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there was essentially no measurable back pressure in the MBTs during the test. The test was once again conducted with 1000 psi in the air banks, and once again the back pressure in the MBTs was nominal; about 1 psi as I recall. Tinosa was then authorized by the Shipyard to do the full pressure test requested by the Court of Inquiry; and we charged all air banks to 4500 psi. With the air systems instrumented, including timers, we then conducted the full blow test simulating what a submarine would do at sea in an emergency. When the MBT blow valves were opened on order there was a huge rush of air noise in the control room, then silence after a few seconds. Than a few seconds later another brief rush, then silence again. This pattern was repeated over about a six-minute period until the blow valves were closed and the test terminated. Air pressure in the air banks had only dropped a few hundred pounds; to about 4100 psi as I recall. We were shocked. The engineers and Tinosa personnel expected the air banks to be depleted in two or three minutes. We had witnessed less than one-tenth of the simulated deballasting (removal of sea water from the MBTs) that we expected. An auxiliaryman who was stationed in the space where the two 4500/3000 psi reducers were located quickly reported that the reducers and upstream piping were covered in ice. The cause of the icing and reduced air flow was soon found --- a strainer installed upstream of each reducer had collapsed, effectively blocking over 90% of the expected air flow. No Tinosa crew members, officer or enlisted, were aware that the strainers were installed --- nor were any of the Shipyard personnel involved in the testing. We were subsequently advised by the Shipyard that the strainers were installed at the request of the Marotta Valve Company because construction debris was interfering with the ability of the reducers to completely shut off air flow, thus tending to over-pressurize the 3000 psi air system. The strainers were supposed to be removed before the ships went to sea. (page-break)
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The strainers were conically shaped (before collapsing), pointed into the airstream, and were backed by a thick brass or bronze orifice with a small center hole (about ¼ inch diameter). The purpose of the orifice was to reduce the pressure differential across the strainer, so it would not collapse. This worked during extensive routine use of the 3000 psi air system on Tinosa and during the MBT blow tests with 500 psi and 1000 psi in the air banks. But when the full pressure MBT blow test was conducted the strainers collapsed. Thus, this observer’s impression is that the strainers on Thresher may have collapsed when an emergency blow of MBTs was commenced or may have been already collapsed or partially collapsed as the collapsed strainers would pass enough air for routine 3000 psi air service and for a brief burst of air when surfacing from periscope depth when the Low Pressure Blower was the primary means of deballasting. So, it is quite possible that Thresher had been operating with collapsed or partially collapsed strainers for some time. There was abundant evidence that the strainers were installed on Thresher, including: • SOSUS patterns that showed the intermittent bursts of air noise as ice formed in the collapsed strainer and then blew out, then reformed, etc.; closely matching the pattern seen during tests on Tinosa. • Testimony by Shipyard personnel to the Court of Inquiry that the strainers were installed on the Thresher. • Thresher Captain Wes Harvey’s statement “attempting to blow” on the underwater telephone • The presence of the strainers on Tinosa In assessing the impact of the degraded MBT blow system on Thresher’s attempts to reach the surface, it is important to understand the role of the propulsion system. Normally, a “Full Bell” (quickly resulting in high speed of the ships propeller) would result in a rapid drive toward the surface. The data available strongly suggests that the reactor scrammed early during Thresher’s plight, and high levels of thrust from the propeller were not available. Subsequent to the loss of Thresher, Tinosa conducted tests (as did other ships) showing that use of decay heat from the reactor could provide a moderate level of propulsion for a THE SUBMARINE REVIEWJUNE 2018135 few minutes after a scram – enough propulsion to be an important asset in an emergency such as Thresher experienced. But this capability was not available to Thresher. Naval Reactor’s procedures did not permit use of decay heat at the time. (Soon after the Thresher loss, the procedures were changed.) Indeed, on Tinosa, and I expect on Thresher, the scram procedure required the upper level engine room watch to trip the main turbine inlet valves locally--- to be re-set only after a full recovery from the scram, at least 20 or 30 minutes later. The Captain of Thresher most likely did not have the option of overriding procedures and using propulsion anyway. Thus, the Main Ballast Tank blow system was the only means of bringing the ship to the surface, and the evidence is strong that it was seriously degraded. When one inspects the enclosed strainer, disabled may seem more accurate than degraded.NOTES: 1) During the tests of Tinosa’s MBT blow system, the question arose as to whether the results of a full blow test on the surface at dockside would closely simulate a full blow at or near test depth. The shipyard (and BUSHIPS at the time) determined that flow to the main ballast tanks would be limited by “sonic choking” in the relatively small 3000 psi air lines to the MBTs; not by back pressure in the MBTs. 2) Three colleagues, who were shipmates on Tinosa during the period under discussion, reviewed this letter and the above observations and assisted in the quest for accuracy. These were:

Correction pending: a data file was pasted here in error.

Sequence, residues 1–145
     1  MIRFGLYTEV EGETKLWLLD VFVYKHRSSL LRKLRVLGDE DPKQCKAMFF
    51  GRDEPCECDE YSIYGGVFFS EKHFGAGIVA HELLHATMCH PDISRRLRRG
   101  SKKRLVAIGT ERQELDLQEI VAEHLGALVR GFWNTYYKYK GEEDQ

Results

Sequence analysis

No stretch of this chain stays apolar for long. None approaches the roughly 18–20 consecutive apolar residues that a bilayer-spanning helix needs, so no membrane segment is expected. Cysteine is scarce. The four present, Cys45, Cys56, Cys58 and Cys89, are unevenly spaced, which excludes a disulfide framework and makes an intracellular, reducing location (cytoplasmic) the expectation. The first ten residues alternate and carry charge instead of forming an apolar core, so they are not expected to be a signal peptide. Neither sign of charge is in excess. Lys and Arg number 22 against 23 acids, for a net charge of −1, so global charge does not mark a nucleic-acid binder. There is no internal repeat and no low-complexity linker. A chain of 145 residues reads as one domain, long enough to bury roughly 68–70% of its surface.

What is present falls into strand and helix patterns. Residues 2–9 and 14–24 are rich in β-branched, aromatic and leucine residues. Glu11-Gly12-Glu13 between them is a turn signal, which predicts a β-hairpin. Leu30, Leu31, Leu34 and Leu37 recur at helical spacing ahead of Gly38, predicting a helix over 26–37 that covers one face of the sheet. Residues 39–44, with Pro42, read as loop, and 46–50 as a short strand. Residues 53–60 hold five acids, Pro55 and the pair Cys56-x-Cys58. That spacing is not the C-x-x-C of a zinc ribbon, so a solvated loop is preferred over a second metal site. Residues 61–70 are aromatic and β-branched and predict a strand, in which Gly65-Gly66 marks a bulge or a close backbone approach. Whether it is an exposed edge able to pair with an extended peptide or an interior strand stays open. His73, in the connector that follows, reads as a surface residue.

a. Clarence E. (Ed) Moore, CAPT. USN retired. Ed was Chief Engineer on Tinosa
b. William D. (Bill) Smith, ADM. USN retired. Bill was Electrical and Reactor Control Officer on Tinosa
c. Walter J. (Walt) Coakley, CAPT. USN retired. Walt was Weapons Officer and an Engineering Officer of the Watch on Tinosa